New research shows that women are potentially putting their lives at risk because they aren’t equipped with the right language to talk about their bodies with doctors. The Eve Appeal has launched its national #GetLippy campaign to provide women with the right information and confidence to talk clearly about anatomy and symptoms in order to better diagnose key health concerns, including the five gynaecological cancers. Today, team LiB will be smashing gynae taboos often associated with gynae health to aid awareness and help you all to feel comfortable talking about your bodies while being able to recognise when things may not be quite right. We’re smashing taboos surrounding smear tests, periods, sex and the words that are often avoided when speaking about anything vagina. JOIN US! (Oh, and donate to the cause by purchasing our #GetLippy Box!)

smashing gynae taboos of smear tests


In recent times, cervical (did you know it’s pronounced cer-via-cal and not cer-vi-cal?) screenings have become a taboo subject that women cringe at the thought of. We’re here to smash that! Having a bad rep for being embarrassing, painful and awkward, a smear test is scarily avoided by many women year-on-year. Having a smear test is the number one prevention for cervical cancer, which is cancer of the cervix – connecting a woman’s womb and her vagina. Cervical cancer can affect women of ALL ages but affects women primarily 30-45 years of age. In the UK, we have a very successful cervical screening programme which is estimated to save over 4,000 lives each year, but we can’t help wondering how many more lives could be saved if the issues surrounding the smear test were more widely talked about. We reckon it’s a lot. The symptoms of cervical cancer aren’t always obvious, it may not cause any symptoms at all until it’s reached an advanced stage. Some women do not experience any signs of cervical cancer at all. Scary, huh? This is why it’s VERY important that you attend all of your cervical screening appointments. There really is nothing to be embarrassed or afraid of, here are some of our experiences…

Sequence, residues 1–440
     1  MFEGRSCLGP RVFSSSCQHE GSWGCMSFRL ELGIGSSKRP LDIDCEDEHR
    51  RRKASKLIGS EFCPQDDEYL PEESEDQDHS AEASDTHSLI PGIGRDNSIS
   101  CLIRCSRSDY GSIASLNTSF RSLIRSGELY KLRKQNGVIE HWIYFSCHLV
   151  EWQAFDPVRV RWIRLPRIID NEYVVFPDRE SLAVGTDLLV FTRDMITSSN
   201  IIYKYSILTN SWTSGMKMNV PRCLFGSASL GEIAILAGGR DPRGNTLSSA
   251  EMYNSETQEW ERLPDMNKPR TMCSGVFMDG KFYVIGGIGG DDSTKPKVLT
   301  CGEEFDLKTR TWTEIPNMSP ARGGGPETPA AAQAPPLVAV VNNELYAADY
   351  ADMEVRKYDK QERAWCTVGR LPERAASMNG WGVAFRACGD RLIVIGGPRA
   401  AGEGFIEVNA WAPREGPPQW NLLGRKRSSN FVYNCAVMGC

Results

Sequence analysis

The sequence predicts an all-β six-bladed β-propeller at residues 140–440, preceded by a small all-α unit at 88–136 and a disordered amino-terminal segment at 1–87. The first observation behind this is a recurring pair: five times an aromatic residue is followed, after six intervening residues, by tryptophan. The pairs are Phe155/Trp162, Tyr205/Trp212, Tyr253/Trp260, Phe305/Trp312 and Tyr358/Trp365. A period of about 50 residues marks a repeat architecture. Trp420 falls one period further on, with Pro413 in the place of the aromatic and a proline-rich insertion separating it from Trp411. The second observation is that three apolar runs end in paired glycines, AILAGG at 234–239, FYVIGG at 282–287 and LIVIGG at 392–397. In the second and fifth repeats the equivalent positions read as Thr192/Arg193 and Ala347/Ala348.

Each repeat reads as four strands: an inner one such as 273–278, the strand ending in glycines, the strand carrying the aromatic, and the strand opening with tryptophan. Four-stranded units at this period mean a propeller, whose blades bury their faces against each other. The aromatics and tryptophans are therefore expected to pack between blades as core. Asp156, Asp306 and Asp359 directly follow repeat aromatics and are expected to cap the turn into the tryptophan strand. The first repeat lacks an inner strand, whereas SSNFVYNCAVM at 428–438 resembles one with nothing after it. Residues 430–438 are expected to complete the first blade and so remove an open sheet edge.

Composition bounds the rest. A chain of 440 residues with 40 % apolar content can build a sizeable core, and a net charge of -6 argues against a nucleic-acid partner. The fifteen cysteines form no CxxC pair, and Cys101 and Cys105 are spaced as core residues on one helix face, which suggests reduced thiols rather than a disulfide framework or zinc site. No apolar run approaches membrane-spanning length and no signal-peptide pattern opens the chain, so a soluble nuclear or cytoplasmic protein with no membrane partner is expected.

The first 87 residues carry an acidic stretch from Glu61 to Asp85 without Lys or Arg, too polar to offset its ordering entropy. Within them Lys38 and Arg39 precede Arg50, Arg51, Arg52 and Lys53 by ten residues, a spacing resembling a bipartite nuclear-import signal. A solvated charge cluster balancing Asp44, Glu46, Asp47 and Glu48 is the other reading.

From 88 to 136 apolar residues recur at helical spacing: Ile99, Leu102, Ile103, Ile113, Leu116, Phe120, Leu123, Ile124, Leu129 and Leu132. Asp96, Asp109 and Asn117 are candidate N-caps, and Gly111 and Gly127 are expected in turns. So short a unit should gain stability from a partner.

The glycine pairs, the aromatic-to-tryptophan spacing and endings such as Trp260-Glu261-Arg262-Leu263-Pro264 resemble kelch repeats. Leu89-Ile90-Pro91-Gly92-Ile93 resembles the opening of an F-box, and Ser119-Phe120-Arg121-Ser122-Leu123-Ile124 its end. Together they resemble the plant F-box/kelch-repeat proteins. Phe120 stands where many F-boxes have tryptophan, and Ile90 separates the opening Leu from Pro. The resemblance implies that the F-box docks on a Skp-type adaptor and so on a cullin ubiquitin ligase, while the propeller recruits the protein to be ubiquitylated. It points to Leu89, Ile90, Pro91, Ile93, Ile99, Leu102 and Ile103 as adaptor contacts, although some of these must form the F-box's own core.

“When it came to having my smear, I received my letter quite early on – six months before I turned 25, actually – very thorough indeed! As someone who hadn’t been that sexually active prior to my appointment, I was incredibly worried that it would be even more painful for me and difficult to handle. I was also super anxious over stripping off waist down for a stranger (sounds silly really, because they’ve seen it all before) but I was constantly worrying that I wasn’t normal down there – I’m sure many have felt the same. In fact, this allowed me to put off having my smear for a good while but once I decided to book the appointment and go through with it, I found that getting in a tizz was all for nothing. Haven’t had your smear yet? Do it. No, seriously, it could save your life.

“I was a little scared about going for the requested smear test. It was extremely uncomfortable and painful – the nurse was really nice and tried her best to ensure it was done swiftly and I was as comfortable as possible. Although I dread the smear test, I understand the importance of it in the long term, so ensure I go whenever necessary.”

“Having had worked with The Eve Appeal for two years, I was very aware of the signs and symptoms of cervical cancers, one of which I was experiencing, bleeding after sex. The Eve Appeal teaches us to be incredibly aware of signs and symptoms of the five cancers and to know your body well so that you can translate your worries to a doctor. After a recent event with The Eve Appeal, I encouraged myself to go to the doctor about this worrying symptom. After one bad doctor experience, I moved on to another specialist who was brilliant. He examined me and told me I had cervical erosion which is in fact very common. I had already had a smear test two years earlier (on Valentine’s Day, romantic!) that had come back with normal results. On the day of my examination I had another smear for precaution. I would encourage anyone who is experiencing any worrying symptoms to speak up, don’t be afraid of speaking to friends or family about it and definitely don’t put off going to see a doctor because you feel embarrassed.”